Writing a bestseller is a burning desire for many of us – but where to begin with crafting that very first chapter? And how do you go about publishing your work when your masterpiece is complete?
Bestselling psychological thriller author Rachel Abbot has self-published four novels and sold over one million copies globally. She was named the 14th bestselling author of the last five years on Amazon's Kindle in the UK via Kindle Direct Publishing.
Her latest book, Nowhere Child, is a novella following on from her previous works Stranger Child, Sleep Tight, The Back Road and Only the Innocent.
“The day I decided to upload my first novel to Amazon for the Kindle was the day that changed my life – and that is no exaggeration,” says Rachel.
“Self-publishing my book was an experiment, but one that certainly paid off.
“The rewards have allowed me to indulge in one of my greatest pleasures. When I’m not working, I travel – and plan to travel as far and wide as I can over the next few years.”
If you fancy following in her footsteps, check out Rachel’s top tips for writing and publishing your first book…
Writing your book
1. Know your characters
I always start with a mental image of my characters, but that is quickly replaced with a real image. I hunt down pictures online until I find somebody who looks like the character of my imagination.
I grab the image, and then I write a page of notes about their personalities, their age, what they like to drink and favourite phrases. It’s my way of making sure my characters are consistent and that I really know them.
2. Visit your locations
I need to be able to give readers a feeling that they are in the place I’m writing about, so it has to be familiar to me. Even if a location is a figment of my imagination, I will travel the streets of similar places online, using Google Maps to find somewhere that looks like my location so I can picture it clearly in my mind.
I grab images to remind me how dark a tunnel is and how damp the brick walls and the roof are. I even know the layout of each house in my stories – if somebody is trying to hide from an intruder, I need to know all the best places!
3. Try mind-mapping
Because I write thrillers, my stories consist of several strands, often told from different points of view – the police, the victim, the perpetrator. Keeping track of all these storylines at the planning stage is difficult, so I use a simple software tool called Scapple that allows me to jot down my thoughts and arrange them until they start to make sense.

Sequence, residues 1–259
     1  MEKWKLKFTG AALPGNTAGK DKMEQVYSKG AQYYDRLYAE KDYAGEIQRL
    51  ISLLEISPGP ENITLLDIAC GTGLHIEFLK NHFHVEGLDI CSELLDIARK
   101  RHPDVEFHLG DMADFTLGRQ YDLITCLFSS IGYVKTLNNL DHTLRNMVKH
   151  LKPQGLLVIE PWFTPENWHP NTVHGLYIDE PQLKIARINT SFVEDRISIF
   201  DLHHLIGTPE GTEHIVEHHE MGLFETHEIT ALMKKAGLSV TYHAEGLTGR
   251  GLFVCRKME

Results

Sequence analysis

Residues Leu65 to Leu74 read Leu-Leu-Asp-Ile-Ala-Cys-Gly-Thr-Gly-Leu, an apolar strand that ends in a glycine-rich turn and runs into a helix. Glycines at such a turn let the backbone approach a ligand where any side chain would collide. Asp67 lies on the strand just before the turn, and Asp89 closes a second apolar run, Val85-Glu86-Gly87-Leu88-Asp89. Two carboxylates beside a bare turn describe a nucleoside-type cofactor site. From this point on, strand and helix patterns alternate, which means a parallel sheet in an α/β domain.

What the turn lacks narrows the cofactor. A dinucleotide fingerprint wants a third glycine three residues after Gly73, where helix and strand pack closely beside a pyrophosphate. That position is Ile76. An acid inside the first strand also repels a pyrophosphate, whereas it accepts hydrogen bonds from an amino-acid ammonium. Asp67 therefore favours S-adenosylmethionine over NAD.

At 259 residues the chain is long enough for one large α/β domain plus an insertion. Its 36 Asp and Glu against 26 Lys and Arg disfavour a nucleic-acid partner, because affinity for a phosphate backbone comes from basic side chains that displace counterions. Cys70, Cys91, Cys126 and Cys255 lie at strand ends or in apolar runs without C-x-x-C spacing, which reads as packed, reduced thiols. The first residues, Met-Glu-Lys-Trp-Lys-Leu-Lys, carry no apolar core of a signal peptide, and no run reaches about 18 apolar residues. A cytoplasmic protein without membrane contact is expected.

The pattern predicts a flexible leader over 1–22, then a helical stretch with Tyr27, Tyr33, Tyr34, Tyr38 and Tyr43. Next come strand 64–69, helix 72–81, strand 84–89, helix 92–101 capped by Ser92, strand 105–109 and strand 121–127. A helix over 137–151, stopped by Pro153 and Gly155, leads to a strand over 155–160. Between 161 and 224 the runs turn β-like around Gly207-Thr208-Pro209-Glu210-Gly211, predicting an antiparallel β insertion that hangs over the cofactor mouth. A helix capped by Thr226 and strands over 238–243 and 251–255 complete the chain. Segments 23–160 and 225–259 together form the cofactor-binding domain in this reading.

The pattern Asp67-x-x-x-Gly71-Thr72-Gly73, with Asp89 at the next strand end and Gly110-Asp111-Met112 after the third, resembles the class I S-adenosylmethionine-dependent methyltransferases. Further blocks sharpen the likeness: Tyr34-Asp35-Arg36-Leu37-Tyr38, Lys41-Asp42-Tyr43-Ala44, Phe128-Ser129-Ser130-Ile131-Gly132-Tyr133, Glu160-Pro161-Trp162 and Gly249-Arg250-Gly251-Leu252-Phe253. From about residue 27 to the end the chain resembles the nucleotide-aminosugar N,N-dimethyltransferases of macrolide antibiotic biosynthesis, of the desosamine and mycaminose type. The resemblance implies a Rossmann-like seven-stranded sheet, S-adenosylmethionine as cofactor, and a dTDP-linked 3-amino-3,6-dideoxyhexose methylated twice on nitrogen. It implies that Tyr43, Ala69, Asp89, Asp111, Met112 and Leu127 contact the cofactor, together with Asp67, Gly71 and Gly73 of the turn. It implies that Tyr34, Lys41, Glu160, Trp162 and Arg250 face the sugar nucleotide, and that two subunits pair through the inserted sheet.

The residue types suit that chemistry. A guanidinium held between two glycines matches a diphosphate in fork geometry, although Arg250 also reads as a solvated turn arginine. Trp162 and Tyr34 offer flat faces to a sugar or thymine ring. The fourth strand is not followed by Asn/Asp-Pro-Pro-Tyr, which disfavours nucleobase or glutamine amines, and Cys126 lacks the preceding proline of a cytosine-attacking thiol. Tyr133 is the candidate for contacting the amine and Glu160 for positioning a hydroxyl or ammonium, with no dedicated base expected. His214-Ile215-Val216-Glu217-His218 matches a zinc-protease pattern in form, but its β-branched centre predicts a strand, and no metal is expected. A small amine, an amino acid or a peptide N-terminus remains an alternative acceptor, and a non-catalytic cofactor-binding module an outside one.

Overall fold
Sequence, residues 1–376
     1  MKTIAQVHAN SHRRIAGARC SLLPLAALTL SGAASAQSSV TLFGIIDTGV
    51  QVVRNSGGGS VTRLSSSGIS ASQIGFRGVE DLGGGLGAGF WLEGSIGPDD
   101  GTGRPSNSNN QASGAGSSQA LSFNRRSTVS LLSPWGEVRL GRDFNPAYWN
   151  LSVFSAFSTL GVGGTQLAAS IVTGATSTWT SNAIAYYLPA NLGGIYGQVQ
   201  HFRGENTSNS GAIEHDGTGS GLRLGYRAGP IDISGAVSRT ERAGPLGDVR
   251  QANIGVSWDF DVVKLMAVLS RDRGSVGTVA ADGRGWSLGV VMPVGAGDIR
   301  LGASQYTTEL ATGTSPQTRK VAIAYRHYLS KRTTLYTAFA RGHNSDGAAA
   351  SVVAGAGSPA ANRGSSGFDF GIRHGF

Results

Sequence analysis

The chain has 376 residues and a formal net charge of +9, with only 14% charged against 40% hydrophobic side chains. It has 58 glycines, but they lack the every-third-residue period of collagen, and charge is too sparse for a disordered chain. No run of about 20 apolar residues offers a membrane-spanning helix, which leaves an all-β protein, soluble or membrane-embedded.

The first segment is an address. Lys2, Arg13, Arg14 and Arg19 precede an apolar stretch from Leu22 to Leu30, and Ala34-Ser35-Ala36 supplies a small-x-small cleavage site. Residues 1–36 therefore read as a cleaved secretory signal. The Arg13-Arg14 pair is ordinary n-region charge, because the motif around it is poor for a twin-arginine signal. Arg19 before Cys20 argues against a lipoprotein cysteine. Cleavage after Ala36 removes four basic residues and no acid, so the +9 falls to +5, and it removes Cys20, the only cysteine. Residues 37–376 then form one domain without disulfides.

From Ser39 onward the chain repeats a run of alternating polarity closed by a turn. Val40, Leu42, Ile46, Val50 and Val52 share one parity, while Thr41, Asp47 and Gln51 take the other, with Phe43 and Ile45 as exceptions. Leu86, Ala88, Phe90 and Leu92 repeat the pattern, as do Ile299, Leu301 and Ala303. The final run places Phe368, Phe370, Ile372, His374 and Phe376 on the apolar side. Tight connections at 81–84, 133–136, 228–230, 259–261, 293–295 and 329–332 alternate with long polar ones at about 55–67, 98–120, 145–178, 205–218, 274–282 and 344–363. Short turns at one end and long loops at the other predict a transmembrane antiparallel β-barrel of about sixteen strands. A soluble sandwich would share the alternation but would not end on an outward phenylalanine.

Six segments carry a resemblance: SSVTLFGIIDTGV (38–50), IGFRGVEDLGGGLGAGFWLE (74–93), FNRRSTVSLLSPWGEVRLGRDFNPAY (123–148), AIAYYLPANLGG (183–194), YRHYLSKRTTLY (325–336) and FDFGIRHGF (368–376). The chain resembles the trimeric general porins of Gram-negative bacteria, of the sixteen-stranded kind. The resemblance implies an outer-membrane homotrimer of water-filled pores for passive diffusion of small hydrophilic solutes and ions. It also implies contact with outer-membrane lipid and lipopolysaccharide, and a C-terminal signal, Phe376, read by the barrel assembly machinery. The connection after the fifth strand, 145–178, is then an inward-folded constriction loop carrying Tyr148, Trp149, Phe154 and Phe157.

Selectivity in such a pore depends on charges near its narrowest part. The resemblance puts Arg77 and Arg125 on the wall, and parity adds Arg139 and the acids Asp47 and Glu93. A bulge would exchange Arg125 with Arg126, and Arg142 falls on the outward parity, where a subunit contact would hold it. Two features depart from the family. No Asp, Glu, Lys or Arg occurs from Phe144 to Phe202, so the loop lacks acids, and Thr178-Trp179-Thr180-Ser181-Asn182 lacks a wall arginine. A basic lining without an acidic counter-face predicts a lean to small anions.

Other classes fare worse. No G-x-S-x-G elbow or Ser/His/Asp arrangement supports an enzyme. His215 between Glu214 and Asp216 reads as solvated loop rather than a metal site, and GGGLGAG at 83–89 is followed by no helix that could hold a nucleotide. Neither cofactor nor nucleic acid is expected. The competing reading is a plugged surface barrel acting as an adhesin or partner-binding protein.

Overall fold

4. Use writing software
There are features in some types of writing software that make it so much easier to keep track of different storylines. I use Scrivener, and each of my chapters – or even individual scenes – is allocated to a ‘collection’, such as ‘the investigation’, ‘Michael’s story’, ‘the past’ and ‘the second victim’. I can then select any collection to read sequentially all those scenes as if they form a stand-alone novel. This helps to make sure the story doesn’t have any holes.
5. Read, re-read and edit
I think on average I read each of my novels in full (not including re-reading individual chapters as I write) about 30 times. Most importantly, when I am near the final edit I read the whole book out loud so that I know it sounds real. This is essential for dialogue, but I find it highlights the bits of clunky writing.
The structural edit – the part where somebody with far more experience than me reads the book at tells me that some bits are in the wrong order, or the pace is dropping, or one of my characters is unreal – is crucial. I get back their notes, then I unpick, rewrite, and read it all again.
Marketing your book
6. Create a marketing plan
A scattergun approach to marketing is never a good idea. Define a number of target areas that you are happy and comfortable working in, and then decide on your objectives. For each objective you may have a number of actions that you can monitor to see which are working for you.
7. Build your mailing list
A perfect example of an objective would be to increase your mailing list by five hundred readers. Your actions might include putting a link to a sign-up page in the back of your books, running a promotion, creating a newsletter sign-up form for your Facebook page, your blog or your website. Then you can send readers regular updates on your book launches.
8. Run an awareness campaign
Don’t only think about marketing activities that result in immediate sales – focus on making sure that people recognise your books, seeing them in as many places as possible. Display your covers – at the end of each email you send, in guest posts for popular blogs and in tweets or Facebook posts. Awareness is crucial to success. When readers see your book in a store you want them to think ‘I’ve seen that book before – it looks interesting.’
9. Develop a list of reviewers
Most bloggers post their reviews on Amazon and Goodreads as well as on their own blogs. Keep a list of the reviewers you like, and make sure you invite them to read your book before launch. Find other reviewers by searching on an author similar to you, plus the word ‘review’. Send reviewers all the details they might need, including what the book is about, the word length and genre. Good reviews create a desire for people to buy!
10. Use social media tools to help you
It’s all too easy to get hooked on Twitter and be on there all day – but there are many tools out there that will help you to write your tweets at the start of the day and have them sent out automatically over a longer period. Remember: the average Twitter user reads tweets for no more than 15 minutes per day and follows 270 people, so if you want to catch their eye, you need to tweet at regular intervals.
Have you ever tried writing a novel? Is it something you’d love to do? Share your experiences in the Comments below.